Tax Preparation Tips: Staying Organized (Part 1)
Some of us may have the accounting skills and patience with tracking and recording business activities day-to-day, but the reality is that most landlords are too busy juggling a full-time job and part-time landlord responsibilities to have any time for accounting.
But staying organized is key to saving accounting fees during tax filing time. So here are some tips and advice from Stephan Untergasser of 20/20 Accounting Inc. on how to organize your financial information before you present it to your accountant.
What advice can you offer to landlords when it comes to tax filing?
The biggest time and money saver for landlords is to keep their books & records somewhat organized during the year so that it’s not a mad scramble to try to untangle an entire year during tax filing time. This is especially important if they have multiple properties and/or multiple investors (or co-owners).
1. Keep a dedicated bank account for rental activity
I always recommend having a bank account for ONLY rental activities where all deposits go in and all payments come out. If you misplace a deposit slip or expense receipt you’ll still have a record of the transaction in your bank statements.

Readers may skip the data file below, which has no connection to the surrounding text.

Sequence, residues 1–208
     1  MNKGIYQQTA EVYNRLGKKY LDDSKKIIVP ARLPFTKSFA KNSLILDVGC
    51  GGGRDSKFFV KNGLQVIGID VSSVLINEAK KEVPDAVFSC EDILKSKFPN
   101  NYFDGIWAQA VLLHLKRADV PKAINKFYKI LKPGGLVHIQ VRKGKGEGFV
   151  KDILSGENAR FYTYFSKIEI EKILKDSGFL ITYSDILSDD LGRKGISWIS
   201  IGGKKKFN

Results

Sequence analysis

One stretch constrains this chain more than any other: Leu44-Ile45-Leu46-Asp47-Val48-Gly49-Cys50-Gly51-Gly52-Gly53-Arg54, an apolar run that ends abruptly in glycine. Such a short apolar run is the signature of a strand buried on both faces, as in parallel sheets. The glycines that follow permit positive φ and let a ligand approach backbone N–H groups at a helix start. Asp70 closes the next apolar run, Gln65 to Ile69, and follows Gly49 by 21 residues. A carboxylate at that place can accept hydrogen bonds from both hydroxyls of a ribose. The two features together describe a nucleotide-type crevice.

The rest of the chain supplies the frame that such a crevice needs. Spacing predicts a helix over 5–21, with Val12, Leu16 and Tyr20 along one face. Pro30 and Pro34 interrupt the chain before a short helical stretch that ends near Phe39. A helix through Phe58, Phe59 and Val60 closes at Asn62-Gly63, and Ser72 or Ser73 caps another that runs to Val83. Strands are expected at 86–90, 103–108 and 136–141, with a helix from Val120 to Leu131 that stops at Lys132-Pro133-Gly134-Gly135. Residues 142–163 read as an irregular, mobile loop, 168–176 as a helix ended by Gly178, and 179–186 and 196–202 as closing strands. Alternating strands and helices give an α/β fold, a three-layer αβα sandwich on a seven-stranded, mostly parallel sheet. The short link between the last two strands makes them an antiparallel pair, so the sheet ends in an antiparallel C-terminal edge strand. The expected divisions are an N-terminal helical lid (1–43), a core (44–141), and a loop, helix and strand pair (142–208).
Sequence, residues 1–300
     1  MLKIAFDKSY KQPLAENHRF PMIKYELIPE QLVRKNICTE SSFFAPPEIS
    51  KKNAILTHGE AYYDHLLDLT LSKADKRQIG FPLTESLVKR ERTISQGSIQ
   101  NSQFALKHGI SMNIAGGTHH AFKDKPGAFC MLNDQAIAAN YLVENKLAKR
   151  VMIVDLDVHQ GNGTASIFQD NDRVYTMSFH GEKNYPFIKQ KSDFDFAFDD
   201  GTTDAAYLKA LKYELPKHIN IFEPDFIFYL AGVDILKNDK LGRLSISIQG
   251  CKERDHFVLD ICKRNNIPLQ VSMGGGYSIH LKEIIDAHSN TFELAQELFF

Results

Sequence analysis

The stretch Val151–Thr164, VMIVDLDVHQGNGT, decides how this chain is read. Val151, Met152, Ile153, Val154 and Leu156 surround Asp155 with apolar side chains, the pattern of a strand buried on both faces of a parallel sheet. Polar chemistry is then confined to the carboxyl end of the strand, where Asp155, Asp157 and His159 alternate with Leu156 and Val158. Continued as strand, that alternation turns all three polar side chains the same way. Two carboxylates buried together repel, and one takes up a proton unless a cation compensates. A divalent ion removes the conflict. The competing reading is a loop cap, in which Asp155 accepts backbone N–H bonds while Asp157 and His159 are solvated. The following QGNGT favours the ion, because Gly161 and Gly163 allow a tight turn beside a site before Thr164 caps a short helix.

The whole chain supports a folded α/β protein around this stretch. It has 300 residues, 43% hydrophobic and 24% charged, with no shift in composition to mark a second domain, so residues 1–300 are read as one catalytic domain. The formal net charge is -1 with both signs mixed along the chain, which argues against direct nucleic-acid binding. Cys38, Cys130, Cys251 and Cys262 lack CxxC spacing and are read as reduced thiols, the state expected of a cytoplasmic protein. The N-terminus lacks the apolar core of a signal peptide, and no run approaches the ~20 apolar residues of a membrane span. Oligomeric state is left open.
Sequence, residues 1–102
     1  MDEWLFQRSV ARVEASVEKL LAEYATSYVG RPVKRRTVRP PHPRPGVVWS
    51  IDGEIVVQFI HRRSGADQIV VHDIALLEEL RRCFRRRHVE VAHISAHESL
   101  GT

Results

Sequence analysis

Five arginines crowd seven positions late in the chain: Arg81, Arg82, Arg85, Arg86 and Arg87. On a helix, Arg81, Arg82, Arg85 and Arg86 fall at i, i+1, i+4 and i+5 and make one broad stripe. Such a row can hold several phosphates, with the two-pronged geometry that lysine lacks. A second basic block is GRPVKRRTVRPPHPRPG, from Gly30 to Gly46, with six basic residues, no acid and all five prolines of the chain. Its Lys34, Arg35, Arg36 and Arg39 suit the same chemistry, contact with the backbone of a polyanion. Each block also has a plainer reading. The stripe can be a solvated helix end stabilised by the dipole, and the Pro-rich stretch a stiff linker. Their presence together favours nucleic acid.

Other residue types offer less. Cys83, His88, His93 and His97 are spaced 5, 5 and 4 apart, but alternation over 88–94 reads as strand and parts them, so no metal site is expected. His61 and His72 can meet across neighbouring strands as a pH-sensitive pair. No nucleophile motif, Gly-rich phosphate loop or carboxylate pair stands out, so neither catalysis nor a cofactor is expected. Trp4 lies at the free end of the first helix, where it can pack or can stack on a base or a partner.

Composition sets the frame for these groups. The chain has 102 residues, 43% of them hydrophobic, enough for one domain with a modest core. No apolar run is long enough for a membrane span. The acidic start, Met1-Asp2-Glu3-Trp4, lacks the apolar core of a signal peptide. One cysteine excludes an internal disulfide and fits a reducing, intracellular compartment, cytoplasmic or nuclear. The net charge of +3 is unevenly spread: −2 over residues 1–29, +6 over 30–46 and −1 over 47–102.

2. Reconcile immediately
If a property related expense is paid by cash, from another personal account or by a credit card, it should be repaid or reimbursed from the rental bank account immediately so that you can easily account for the expense and you minimize any discrepancy that could arise at the end of the year when you try to balance your bank statements to your financial statement.
3. Keep business records separate for each property
I highly recommend having a separate bank account and set of books for every joint investor or co-owner that you have. If you own 3 properties with Mr. A and 5 properties with Mrs. B and 2 properties by yourself then you should have 3 completely different sets of books and bank accounts.
4. Schedule regular “organization time” during the year
Staying organized doesn’t mean that you spend a great deal of time working on your books throughout the year, but you should plan on sitting down every 4-6 months to keep your records updated and avoid trying to do a whole year AFTER that year has ended.
We know that landlords are busy and need information in sound byte formats so stay tuned for part 2 of this series in Staying Organized for Tax Time.
In the meantime, we recommend that you consult with a tax advisor or accountant that specializes in real estate if you require more advice on your particular situation.
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